Incentive Design for Operations-Marketing Multitasking
Christopher Thomas Ryan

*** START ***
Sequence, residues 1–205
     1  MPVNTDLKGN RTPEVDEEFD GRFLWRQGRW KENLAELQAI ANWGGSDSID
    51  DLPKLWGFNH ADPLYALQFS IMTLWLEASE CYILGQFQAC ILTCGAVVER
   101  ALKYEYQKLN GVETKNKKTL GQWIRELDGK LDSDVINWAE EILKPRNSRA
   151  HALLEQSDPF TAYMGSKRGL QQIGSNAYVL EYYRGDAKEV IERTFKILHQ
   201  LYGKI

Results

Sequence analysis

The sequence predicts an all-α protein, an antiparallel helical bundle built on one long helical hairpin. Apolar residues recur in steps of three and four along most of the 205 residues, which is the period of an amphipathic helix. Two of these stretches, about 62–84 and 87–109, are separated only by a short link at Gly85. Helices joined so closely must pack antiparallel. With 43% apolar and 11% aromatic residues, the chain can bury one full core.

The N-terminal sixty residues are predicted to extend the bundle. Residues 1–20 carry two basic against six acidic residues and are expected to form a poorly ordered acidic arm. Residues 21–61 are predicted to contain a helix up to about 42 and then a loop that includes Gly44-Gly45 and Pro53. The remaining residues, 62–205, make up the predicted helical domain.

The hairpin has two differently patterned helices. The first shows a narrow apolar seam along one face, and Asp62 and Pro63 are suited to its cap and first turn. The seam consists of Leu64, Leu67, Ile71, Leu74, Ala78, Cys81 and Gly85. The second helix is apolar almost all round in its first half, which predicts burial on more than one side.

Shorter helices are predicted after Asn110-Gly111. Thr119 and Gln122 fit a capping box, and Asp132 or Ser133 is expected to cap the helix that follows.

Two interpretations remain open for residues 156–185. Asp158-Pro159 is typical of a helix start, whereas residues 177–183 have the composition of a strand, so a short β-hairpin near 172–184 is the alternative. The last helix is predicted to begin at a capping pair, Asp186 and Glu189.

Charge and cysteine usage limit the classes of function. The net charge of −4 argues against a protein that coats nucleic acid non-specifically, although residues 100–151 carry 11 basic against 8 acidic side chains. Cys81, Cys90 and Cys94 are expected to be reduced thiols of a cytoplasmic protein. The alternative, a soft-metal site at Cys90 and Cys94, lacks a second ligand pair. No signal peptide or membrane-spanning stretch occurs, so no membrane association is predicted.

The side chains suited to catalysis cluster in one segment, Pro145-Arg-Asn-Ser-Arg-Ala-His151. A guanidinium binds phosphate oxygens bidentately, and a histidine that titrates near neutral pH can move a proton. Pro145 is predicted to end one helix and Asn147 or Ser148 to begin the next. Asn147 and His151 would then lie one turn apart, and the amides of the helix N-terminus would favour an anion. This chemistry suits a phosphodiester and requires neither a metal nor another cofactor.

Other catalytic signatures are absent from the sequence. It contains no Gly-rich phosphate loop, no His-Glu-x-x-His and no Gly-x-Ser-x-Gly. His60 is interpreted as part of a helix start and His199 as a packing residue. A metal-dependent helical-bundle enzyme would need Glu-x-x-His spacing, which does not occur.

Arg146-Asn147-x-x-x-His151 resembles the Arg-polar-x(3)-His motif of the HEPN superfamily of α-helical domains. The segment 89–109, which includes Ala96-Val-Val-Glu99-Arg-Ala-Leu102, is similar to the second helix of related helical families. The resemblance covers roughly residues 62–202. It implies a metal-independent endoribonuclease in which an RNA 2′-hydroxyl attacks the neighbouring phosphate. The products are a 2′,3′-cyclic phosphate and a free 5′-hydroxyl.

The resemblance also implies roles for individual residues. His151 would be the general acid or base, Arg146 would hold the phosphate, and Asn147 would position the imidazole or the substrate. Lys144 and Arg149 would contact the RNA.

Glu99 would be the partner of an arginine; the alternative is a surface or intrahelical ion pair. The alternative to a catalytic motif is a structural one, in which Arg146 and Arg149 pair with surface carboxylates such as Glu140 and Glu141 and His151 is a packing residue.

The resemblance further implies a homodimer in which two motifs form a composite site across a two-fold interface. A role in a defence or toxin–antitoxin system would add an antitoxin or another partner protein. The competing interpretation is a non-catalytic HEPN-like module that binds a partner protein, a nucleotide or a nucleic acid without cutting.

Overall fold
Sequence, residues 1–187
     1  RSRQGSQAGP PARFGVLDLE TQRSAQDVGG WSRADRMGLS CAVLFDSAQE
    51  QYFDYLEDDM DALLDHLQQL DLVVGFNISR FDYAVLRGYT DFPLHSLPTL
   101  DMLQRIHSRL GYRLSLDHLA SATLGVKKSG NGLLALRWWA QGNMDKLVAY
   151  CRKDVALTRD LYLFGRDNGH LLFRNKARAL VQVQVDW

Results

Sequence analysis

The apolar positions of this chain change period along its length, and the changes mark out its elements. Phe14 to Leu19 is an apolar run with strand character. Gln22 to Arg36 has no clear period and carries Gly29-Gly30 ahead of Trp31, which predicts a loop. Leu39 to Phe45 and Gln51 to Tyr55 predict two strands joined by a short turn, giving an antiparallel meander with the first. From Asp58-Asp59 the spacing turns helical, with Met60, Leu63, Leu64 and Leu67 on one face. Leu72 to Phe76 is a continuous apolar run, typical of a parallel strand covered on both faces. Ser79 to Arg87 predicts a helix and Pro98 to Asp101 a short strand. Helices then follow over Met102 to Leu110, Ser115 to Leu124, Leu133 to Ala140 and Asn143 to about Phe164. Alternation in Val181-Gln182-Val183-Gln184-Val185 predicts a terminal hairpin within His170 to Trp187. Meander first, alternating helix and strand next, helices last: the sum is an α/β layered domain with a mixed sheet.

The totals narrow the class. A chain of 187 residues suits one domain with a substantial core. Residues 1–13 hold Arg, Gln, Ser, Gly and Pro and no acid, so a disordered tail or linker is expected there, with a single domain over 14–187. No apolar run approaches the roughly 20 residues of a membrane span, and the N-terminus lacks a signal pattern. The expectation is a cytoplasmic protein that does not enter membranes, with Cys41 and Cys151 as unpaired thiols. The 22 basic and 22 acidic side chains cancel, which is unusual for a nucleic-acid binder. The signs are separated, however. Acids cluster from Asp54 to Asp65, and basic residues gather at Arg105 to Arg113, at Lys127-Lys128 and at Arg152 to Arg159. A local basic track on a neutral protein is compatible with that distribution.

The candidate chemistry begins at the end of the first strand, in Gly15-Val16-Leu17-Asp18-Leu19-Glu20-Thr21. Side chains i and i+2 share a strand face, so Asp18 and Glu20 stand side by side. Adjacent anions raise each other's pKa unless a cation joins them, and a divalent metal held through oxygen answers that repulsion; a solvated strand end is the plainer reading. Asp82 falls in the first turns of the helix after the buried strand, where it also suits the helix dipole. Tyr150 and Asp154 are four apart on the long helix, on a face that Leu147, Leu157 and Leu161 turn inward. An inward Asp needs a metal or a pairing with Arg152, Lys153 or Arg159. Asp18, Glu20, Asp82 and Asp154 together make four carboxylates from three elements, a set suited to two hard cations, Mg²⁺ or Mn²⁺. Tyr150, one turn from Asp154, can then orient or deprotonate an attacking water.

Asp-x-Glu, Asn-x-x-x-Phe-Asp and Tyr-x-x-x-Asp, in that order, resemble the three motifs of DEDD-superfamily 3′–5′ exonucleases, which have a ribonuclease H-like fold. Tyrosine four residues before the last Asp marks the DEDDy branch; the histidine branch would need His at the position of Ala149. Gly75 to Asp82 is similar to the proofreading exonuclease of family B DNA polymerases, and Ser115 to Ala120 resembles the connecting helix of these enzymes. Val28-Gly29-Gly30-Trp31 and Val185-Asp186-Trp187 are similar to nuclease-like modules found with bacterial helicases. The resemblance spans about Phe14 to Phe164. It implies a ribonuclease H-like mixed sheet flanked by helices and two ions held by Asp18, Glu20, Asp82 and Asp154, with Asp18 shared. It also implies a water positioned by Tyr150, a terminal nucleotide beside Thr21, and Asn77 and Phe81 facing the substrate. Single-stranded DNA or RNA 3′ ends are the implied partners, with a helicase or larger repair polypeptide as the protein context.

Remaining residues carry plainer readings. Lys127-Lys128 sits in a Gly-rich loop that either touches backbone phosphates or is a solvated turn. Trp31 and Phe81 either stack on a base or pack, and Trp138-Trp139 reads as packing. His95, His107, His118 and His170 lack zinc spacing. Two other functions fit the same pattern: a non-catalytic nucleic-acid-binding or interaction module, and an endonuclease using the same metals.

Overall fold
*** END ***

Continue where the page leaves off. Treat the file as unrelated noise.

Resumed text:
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A firm hires an agent (e.g., store manager) to undertake both operational and marketing tasks. Marketing tasks boost demand, but for demand to translate into sales, operational effort is required to maintain adequate inventory. The firm designs a compensation plan to induce the agent to put effort into both marketing and operations while facing “demand censoring” (i.e., demand in excess of available inventory is unobservable). We formulate this incentive-design problem in a principal-agent framework with a multitasking agent subject to a censored signal. We develop a bang-bang optimal control approach, with a general optimality structure applicable to a broad class of incentive-design problems. Using this approach, we characterize the optimal compensation plan, with a bonus region resembling a “mast” and “sail,” such that a bonus is paid when either all inventory above a threshold is sold or the sales quantity meets an inventory-dependent target. The optimal “mast and sail” compensation plan implies non-monotonicity, where the agent can be less likely to receive a bonus for achieving a better outcome. This gives rise to an ex post moral hazard issue where the agent may “hide” inventory to earn a bonus. We show this ex post moral hazard issue is a result of demand censoring. If available information includes a waitlist (or other noisy signals) to gauge unsatisfied demand, no ex post moral hazard issues remain.